I have written on Artificial Intelligence (AI) before. Back then I focused on the technology side of it: what is part of an AI system and what isn’t. But there is another question which might be even more important. What are we DOING with AI?
Part of my job is to help investors with their due diligence. I discuss companies with them in which they might want to invest. Here is a quick observation: By now, every company pitch is full with stuff about how they are using AI to solve a given business problem.
Part of me loves this since some of those companies are on something and should get the chance. But I also have a built-in “bullshit-meter”. So, another part of me wants to cringe every time I listen to a founder making stuff up about how AI will help him. I listened to many founders who do not know a lot about AI, but they sense that they can get millions of dollars of funding. Just by adding those fluffy keywords to their pitch. The bad news is that it sooner or later actually works. Who am I to blame them?
I have seen situations where AI or at least machine learning (ML) has an incredible impact. But I also have seen situations where this is not the case. What was the difference?
In most of the cases where organizations fail with AI or ML, they used those techniques in the wrong context. ML models are not very helpful if you have only one big decision you need to make. Analytics still can help you in such cases by giving you easier access to the data you need to make this decision. Or by presenting this data in a consumable fashion. But at the end of the day, those single big decisions are often very strategic. Building a machine learning model or an AI to help you making this decision is not worth doing it. And often they also do not yield better results than just making the decision on your own.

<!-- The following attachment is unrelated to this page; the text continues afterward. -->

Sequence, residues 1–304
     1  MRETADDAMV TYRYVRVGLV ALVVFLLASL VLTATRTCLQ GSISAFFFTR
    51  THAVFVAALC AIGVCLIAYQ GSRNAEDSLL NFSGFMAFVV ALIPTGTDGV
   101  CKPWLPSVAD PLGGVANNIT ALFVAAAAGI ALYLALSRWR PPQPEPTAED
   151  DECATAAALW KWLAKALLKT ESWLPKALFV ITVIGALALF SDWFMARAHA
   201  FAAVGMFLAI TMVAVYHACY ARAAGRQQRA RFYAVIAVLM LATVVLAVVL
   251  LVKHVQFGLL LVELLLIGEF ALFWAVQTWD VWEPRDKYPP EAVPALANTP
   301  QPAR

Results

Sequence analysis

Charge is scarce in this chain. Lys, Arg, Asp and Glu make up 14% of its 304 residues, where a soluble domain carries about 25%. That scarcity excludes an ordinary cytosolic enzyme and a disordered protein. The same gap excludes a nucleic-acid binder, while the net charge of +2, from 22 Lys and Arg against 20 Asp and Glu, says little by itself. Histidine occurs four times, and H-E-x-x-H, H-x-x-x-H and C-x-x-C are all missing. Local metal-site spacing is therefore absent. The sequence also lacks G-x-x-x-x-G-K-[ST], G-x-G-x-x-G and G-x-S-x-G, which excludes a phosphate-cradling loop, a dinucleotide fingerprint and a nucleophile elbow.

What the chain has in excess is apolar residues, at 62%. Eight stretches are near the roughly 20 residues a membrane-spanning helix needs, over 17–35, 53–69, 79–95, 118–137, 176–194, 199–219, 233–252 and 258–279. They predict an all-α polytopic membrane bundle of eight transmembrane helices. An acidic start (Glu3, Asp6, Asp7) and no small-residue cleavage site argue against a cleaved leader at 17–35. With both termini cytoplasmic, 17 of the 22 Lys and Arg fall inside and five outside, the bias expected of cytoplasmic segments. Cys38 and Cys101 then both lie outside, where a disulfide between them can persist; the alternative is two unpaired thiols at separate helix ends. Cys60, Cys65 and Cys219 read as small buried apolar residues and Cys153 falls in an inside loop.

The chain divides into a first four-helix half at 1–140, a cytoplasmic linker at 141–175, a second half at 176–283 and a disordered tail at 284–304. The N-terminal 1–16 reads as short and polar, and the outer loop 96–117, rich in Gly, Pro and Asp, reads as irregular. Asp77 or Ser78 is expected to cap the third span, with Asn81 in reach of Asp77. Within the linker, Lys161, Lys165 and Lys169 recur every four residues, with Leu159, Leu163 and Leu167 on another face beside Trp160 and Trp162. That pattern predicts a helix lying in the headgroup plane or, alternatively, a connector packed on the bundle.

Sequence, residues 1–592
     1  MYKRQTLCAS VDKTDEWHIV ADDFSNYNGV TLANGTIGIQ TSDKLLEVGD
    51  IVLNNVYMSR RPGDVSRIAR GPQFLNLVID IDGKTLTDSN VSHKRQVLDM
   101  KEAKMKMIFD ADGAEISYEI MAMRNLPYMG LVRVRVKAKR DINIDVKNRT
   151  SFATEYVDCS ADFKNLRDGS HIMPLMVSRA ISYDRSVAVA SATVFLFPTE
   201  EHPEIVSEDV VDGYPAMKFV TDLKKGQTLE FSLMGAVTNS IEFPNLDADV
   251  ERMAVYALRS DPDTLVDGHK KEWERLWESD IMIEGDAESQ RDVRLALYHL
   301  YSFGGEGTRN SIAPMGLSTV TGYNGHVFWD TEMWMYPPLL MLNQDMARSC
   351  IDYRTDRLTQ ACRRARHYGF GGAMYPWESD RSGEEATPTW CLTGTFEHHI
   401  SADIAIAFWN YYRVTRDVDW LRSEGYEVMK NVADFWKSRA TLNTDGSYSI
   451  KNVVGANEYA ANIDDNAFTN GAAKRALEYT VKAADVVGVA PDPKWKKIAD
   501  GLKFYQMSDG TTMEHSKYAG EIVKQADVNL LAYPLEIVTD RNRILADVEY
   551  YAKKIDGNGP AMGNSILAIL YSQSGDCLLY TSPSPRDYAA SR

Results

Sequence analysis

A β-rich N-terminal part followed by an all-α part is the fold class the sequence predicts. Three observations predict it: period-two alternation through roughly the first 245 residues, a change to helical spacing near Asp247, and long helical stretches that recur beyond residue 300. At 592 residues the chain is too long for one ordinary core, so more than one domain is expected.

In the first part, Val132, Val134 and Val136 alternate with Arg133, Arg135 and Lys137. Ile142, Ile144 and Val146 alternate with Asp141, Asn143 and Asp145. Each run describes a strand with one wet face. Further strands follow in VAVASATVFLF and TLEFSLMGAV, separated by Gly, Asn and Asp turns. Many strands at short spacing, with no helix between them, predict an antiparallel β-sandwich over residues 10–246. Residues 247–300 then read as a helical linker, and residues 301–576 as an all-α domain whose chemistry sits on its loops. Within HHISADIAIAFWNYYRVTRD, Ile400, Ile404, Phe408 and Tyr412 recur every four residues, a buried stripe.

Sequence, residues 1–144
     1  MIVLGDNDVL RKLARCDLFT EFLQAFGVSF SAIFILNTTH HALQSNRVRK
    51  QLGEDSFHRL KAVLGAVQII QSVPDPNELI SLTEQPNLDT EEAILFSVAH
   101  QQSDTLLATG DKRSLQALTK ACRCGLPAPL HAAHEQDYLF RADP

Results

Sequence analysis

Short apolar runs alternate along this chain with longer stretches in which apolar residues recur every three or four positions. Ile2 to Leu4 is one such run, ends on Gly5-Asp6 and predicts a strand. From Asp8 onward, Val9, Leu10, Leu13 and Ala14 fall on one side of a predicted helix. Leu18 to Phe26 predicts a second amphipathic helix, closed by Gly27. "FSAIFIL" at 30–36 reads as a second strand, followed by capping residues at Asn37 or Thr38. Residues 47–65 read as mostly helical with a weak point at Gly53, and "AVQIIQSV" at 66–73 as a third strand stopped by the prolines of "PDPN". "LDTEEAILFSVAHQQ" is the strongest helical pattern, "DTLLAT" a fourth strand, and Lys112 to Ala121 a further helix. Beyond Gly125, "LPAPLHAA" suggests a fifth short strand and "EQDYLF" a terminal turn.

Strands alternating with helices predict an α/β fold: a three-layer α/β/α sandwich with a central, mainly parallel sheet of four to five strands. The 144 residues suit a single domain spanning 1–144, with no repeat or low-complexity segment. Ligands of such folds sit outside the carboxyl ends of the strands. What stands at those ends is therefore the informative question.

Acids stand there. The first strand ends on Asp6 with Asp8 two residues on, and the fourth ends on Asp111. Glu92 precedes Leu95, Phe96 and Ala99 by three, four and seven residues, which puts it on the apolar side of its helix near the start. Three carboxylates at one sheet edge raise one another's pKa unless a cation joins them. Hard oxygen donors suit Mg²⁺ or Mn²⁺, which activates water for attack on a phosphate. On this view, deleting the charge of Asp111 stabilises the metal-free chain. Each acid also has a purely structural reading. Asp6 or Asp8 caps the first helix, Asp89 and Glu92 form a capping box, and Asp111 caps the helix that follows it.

Here is where ML and AI can help. Machine Learning and Artificial Intelligence deliver most value whenever you need to make lots of similar decisions quickly. Good examples for this are:
- Defining the price of a product in markets with rapidly changing demands,
- Making offers for cross-selling in an E-Commerce platform,
- Approving a credit or not,
- Detecting customers with a high risk for churn,
- Stopping fraudulent transactions,
- …among others.
You can see that a human being who would have access to all relevant data could make those decisions in a matter of seconds or minutes. Only that they can’t without AI or ML, since they would need to make this type of decision millions of times, every day. Like sifting through your customer base of 50 million clients every day to identify those with a high churn risk. Impossible for any human being. But no problem at all for an ML model.
So, the biggest value of artificial intelligence and machine learning is not to support us with those big strategic decisions. Machine learning delivers most value when we operationalize models and automate millions of decisions.
The image below shows this spectrum of decisions and the times humans need to make those. The blue boxes are situations where analytics can help, but it is not providing its full value. The orange boxes are situations where AI and ML show real value. And the interesting observation is: the more decisions you can automate, the higher this value will be (upper right end of this spectrum).
One of the shortest descriptions of this phenomenon comes from Andrew Ng, who is a well-known researcher in the field of AI. Andrew described what AI can do as follows:
“If a typical person can do a mental task with less than one second of thought, we can probably automate it using AI either now or in the near future.”
I agree with him on this characterization. And I like that he puts the emphasis on automation and operationalization of those models – because this is where the biggest value is. The only thing I disagree with is the time unit he chose. It is safe to go already with a minute instead of a second.